where λ is the X-ray wavelength, d is the inter-atomic distance in the material and θ is the angle through which the incident X-rays are scattered. There are two different methods which can be implemented in order to measure XRD. In angular-dispersive XRD (ADXRD), the X-ray source and detector are rotated with respect to the sample surface, and a narrow window of incident X-ray energies is selected (λ is approximately constant). The different d values present within the material produce high intensity diffraction peaks at the incident X-ray angles which satisfy Bragg’s law for the selected value of λ. ADXRD can also be performed with a pixellated detector array, such that monoenergetic photons are collected over a range of angles simulateneously. An alternative method is to keep the scattering angle fixed, and use a polychromatic X-ray beam (a wide range of λ) - this approach is called energy-dispersive XRD (EDXRD). ADXRD can give a very high angular resolution, but the standard approach of rotating the X-ray source and detector about the sample is impractical for most security-based scenarios. EDXRD uses a fixed experimental setup, but requires a strict collimation of the incident and scattered X-ray beams in order to have a well defined θ. This collimation leads to a large drop in the detected X-ray flux, and thus long counting times are required.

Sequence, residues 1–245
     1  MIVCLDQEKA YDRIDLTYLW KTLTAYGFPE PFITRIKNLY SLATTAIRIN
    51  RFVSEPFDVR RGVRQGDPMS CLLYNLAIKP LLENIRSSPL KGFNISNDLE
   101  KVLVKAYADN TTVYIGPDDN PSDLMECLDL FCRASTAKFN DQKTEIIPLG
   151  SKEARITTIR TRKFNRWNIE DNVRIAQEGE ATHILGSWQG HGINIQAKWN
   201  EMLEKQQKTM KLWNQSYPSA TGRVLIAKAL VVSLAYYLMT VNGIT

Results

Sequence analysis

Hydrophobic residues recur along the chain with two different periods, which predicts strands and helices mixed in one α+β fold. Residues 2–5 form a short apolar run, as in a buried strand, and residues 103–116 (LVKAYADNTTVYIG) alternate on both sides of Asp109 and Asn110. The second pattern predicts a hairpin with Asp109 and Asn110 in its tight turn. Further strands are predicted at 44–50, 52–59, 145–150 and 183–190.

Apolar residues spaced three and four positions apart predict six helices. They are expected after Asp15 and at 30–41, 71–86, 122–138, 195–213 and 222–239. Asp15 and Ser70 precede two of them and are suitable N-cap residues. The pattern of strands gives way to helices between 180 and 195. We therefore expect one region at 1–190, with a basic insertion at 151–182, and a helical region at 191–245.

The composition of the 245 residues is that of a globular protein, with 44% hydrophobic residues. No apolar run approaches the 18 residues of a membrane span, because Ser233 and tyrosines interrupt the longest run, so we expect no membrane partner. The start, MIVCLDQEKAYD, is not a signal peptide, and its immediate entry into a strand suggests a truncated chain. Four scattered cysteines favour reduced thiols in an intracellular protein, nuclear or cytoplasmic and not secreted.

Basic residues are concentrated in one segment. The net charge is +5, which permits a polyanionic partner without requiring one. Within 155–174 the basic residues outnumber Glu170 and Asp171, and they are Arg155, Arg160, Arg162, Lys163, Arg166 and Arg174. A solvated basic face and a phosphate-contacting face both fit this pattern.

A novel technique has been developed in which features of both ADXRD and EDXRD are simultaneously combined (Christodoulou et al. 2011; O’Flynn et al. 2012; O’Flynn et al. 2013). This is achieved by using a pixellated detector which is bonded to a CdTe crystal. The active detector area is 20 ×20 mm, and is composed of 80 ×80, 250 μ m pitch pixels. The CdTe enables the energy of incident X-ray photons to be observed, such that each pixel generates an individual energy spectrum for an acquisition (Jones et al. 2009; Seller 2011). The pixel array gives spatial resolution to the system, and is utilised for measuring angular-dispersive diffraction.